"At the age of 40 years, Edith Wharton had finally found her stride. "The House of Mirth", published in 1905, marks Edith's coming of age as a novelist. It was an immediate bestseller. In this novel of manners with a realist twist, she found fertile ground in old New York Society. She dissected the world of privilege, old and new money, with an ironic humor and cast her eye upon the American woman's plight with a grace and flare that won her a faithful and appreciative audience. Throughout the rest of her career, Edith would return to this subject matter, time and time again, to meet with great success."

Ironically, as Edith found her way, Teddy lost his. Mental illness afflicted him around the time that Edith's star was on the rise and her depression had ended. The atmosphere at the Mount was not well suited to his temperament. The quiet of the country seemed to exacerbate his troubles. But I think he was afflicted with a terrible case of inferiority living in the shadow of Edith's success, and that this was the major cause of his problems. See, they were living in a cultural climate that delegated women to the ornamental status and bestowed enormous amounts of power and accolades on men even when it wasn't warranted. He didn't have a job to do and couldn't stand Edith finding success and respect as a professional and an intellectual.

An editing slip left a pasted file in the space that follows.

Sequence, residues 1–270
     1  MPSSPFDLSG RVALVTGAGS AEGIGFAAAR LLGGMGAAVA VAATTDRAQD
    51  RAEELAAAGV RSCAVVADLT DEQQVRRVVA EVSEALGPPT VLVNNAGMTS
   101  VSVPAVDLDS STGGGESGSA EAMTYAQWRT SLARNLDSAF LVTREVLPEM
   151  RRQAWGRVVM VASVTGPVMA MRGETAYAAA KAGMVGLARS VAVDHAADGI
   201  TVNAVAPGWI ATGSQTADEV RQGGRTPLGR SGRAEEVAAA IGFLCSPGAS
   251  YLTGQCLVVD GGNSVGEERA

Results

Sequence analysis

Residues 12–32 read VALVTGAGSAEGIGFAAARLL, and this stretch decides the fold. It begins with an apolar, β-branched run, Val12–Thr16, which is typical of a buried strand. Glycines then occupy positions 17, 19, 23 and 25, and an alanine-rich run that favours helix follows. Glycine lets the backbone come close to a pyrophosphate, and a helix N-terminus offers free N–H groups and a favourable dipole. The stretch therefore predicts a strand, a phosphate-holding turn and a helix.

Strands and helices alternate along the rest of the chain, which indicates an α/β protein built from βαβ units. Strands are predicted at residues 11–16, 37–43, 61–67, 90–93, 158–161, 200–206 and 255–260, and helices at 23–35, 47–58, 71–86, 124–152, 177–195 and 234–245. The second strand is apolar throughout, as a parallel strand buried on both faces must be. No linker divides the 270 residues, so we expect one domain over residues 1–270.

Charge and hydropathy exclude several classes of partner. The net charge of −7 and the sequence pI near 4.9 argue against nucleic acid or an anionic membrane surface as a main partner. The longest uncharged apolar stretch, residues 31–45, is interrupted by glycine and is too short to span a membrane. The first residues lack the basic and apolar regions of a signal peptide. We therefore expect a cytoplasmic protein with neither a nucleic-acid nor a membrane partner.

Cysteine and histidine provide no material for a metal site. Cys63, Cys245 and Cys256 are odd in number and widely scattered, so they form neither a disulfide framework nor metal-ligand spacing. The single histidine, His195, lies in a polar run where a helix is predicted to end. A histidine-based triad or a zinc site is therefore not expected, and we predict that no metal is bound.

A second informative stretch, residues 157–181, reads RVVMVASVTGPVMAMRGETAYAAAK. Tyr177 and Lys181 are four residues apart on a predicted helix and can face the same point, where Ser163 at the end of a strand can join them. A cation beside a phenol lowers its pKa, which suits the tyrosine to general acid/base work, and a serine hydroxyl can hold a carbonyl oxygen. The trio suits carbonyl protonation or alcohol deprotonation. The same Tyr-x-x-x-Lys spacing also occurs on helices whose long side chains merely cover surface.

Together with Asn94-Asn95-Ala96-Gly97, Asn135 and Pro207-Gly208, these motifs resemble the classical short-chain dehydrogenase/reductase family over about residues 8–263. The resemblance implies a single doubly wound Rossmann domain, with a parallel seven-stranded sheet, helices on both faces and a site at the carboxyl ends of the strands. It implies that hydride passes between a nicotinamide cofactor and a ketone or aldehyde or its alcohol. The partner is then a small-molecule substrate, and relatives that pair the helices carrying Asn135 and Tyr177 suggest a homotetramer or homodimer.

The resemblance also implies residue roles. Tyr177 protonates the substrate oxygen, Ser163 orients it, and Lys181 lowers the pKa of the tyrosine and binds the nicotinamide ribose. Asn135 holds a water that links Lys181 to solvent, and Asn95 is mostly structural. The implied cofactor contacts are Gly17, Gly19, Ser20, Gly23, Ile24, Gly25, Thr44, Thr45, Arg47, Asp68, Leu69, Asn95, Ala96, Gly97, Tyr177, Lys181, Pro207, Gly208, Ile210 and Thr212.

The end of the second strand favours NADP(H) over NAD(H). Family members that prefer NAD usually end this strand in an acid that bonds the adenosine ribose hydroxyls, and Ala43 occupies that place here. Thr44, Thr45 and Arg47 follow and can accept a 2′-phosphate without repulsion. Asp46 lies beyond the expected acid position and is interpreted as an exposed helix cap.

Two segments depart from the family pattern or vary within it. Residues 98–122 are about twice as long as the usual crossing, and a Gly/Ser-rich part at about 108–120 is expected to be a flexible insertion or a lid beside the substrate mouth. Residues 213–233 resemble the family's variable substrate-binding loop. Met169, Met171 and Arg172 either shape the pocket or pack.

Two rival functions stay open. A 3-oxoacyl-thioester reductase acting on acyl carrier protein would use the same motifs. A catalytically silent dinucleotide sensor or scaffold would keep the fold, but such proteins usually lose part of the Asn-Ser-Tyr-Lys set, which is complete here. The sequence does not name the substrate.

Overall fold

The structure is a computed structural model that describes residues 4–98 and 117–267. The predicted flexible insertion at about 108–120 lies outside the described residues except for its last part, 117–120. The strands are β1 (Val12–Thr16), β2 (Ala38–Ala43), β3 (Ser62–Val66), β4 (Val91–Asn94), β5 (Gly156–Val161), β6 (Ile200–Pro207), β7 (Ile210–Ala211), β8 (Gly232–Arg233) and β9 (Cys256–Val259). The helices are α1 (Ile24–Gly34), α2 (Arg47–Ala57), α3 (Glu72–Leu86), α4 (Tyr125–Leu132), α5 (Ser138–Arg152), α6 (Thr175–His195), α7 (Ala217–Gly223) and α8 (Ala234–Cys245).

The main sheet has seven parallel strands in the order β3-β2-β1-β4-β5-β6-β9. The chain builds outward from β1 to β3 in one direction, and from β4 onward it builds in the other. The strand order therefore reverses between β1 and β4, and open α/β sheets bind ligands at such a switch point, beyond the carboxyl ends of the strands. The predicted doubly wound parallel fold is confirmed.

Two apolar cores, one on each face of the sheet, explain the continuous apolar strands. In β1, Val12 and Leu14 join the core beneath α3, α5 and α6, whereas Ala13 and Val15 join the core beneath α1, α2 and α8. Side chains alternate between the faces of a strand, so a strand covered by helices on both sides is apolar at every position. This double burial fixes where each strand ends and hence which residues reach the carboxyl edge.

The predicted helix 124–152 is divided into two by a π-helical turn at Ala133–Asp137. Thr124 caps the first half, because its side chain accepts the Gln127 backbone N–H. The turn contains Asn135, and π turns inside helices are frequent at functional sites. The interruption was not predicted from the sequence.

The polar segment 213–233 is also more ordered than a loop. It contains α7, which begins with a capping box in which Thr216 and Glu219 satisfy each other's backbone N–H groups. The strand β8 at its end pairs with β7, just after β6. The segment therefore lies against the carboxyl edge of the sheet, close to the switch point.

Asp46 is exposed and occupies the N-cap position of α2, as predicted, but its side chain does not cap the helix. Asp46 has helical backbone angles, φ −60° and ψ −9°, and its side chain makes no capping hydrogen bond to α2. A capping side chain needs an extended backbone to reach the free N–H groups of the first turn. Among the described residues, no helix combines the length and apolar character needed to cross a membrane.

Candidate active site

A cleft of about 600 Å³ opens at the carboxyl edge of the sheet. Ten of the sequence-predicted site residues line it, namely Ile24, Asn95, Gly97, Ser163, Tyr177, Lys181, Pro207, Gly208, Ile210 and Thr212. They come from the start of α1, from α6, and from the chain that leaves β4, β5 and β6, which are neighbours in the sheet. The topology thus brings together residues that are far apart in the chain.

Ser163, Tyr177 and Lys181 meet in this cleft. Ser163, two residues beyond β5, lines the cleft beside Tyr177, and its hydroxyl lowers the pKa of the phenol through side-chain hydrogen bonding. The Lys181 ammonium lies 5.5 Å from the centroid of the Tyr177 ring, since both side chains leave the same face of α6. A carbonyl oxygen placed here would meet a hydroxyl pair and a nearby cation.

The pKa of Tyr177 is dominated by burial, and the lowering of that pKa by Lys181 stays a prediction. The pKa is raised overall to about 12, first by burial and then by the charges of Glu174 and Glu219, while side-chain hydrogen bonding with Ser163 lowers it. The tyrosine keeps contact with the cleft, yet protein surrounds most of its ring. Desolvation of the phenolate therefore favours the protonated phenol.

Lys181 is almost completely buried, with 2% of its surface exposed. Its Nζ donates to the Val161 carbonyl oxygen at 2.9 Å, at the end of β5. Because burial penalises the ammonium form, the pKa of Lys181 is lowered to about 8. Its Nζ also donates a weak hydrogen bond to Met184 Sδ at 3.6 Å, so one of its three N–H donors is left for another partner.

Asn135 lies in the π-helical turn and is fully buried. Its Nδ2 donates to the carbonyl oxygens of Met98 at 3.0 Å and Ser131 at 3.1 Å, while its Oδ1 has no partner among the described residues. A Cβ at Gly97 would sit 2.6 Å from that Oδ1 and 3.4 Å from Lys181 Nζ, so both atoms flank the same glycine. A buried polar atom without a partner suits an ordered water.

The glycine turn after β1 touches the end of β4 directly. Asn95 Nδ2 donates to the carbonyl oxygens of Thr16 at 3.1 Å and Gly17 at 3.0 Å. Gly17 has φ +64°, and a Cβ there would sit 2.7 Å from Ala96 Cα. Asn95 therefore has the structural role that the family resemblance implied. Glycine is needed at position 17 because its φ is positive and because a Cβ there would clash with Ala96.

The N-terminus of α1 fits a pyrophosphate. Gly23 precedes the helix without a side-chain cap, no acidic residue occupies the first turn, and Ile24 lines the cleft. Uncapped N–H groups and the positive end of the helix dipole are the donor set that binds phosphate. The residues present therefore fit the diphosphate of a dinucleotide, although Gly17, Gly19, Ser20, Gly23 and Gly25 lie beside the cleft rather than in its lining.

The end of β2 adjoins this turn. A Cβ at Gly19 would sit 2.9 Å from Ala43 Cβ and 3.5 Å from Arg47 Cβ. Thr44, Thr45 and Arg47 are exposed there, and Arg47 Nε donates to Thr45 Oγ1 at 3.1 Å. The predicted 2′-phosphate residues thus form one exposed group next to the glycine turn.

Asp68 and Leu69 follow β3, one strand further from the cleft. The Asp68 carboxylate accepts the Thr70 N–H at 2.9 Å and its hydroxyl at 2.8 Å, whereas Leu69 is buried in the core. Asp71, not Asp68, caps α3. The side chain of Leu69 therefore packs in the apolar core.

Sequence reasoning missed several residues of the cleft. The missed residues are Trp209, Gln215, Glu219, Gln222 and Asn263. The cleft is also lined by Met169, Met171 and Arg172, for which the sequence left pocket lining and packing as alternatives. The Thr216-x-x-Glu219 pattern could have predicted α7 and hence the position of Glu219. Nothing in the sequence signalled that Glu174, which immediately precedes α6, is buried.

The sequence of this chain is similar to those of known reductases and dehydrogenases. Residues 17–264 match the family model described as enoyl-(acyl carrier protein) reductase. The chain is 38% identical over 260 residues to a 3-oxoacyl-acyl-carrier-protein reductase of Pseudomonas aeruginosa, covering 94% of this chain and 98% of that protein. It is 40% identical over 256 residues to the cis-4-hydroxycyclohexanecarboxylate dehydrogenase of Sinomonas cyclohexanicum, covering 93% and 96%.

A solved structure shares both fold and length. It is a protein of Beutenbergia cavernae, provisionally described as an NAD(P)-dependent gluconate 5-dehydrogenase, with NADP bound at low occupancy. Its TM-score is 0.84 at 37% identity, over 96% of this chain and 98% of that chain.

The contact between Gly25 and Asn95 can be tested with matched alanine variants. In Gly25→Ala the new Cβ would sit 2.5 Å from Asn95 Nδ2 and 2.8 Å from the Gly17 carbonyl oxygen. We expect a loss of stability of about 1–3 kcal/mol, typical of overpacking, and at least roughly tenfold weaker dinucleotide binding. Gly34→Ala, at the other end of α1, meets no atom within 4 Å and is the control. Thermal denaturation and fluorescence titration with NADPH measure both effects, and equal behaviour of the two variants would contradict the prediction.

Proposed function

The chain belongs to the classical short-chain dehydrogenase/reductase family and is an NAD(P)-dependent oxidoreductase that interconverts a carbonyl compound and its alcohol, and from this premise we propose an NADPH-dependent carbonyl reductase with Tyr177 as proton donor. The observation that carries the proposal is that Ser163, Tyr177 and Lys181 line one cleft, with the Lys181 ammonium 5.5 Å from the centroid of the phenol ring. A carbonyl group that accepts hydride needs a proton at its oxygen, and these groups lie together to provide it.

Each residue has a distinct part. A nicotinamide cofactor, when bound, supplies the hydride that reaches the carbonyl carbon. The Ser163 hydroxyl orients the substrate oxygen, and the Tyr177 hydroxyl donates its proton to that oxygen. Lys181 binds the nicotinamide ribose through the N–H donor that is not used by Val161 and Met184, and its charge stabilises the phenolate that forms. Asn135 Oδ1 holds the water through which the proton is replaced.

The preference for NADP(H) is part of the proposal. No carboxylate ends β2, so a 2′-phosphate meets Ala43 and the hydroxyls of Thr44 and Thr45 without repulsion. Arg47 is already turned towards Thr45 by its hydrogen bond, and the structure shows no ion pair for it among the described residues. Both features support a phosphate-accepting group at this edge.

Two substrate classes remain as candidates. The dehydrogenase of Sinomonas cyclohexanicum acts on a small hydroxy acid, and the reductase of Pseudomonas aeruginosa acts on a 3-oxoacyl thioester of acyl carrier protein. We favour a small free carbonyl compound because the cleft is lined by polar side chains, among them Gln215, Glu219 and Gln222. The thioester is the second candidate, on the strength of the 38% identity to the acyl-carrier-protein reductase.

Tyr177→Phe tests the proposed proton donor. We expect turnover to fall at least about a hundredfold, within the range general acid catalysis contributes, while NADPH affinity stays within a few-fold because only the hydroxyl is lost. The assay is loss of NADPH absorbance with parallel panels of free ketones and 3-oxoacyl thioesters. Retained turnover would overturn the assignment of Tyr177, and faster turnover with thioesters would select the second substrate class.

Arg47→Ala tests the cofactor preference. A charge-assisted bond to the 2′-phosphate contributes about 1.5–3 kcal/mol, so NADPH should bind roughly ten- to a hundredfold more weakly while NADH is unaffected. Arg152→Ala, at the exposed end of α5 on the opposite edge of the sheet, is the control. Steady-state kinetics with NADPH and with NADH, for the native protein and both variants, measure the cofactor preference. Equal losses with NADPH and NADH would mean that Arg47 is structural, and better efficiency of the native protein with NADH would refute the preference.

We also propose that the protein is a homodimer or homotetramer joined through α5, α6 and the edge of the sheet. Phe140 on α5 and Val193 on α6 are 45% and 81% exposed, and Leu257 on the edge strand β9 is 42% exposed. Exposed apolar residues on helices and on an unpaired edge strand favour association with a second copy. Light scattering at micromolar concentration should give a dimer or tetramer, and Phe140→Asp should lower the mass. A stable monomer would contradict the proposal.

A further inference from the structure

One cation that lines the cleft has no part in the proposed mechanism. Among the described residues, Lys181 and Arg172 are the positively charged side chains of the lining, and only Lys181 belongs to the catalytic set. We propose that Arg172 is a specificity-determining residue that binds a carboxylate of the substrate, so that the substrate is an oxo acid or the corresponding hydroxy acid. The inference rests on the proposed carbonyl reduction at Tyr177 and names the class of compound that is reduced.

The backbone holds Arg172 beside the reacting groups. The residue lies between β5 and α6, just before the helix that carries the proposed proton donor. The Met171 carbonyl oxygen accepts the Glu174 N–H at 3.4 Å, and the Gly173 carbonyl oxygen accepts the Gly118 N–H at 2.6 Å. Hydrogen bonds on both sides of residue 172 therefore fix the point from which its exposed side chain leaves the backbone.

Teddy's mental condition continued on a downward spiral until he finally misappropriated funds from Edith's estate in order to support a mistress and then fought violently to maintain control over her finances. That's when she sold The Mount and moved to Europe for good. She continued to support Teddy financially after that, but refused to live with him and eventually faced the disapproval of her family and filed for divorce. This, indeed, was the major influence in Edith's choice to become an expatriate. It was personal after all, not necessarily a political statement, at least initially.

I think Henry James played a big role in saving Edith's life during the torrid years of a disintegrating marriage. They met at The Mount in 1902, on one of his few trips to America. An honored man of letters, he was, as well as a confidante, sounding board, and inspiration. Their friendship lasted until his death during World War I. He could do what Walter Berry could not. He could be an ear for Edith's marriage troubles and her most infamous affair, with Morton Fullerton.

Morton Fullerton was a dashing man, a journalist; but a bit of a cad. Aside from being incapable of commitment or fidelity, he was also a bisexual. For some reason only Aphrodite will know, however, he brought Edith's blood to a boil. She knew passion for the first time in her life during their affair, and wrote volumes of erotic poetry and journal entries in honor of the occasion. Henry James was there for her throughout all the ups and downs and ins and outs. The affair brought Edith's problems with Te ddy to a head and also taught her depths of feelings she would have otherwise never known.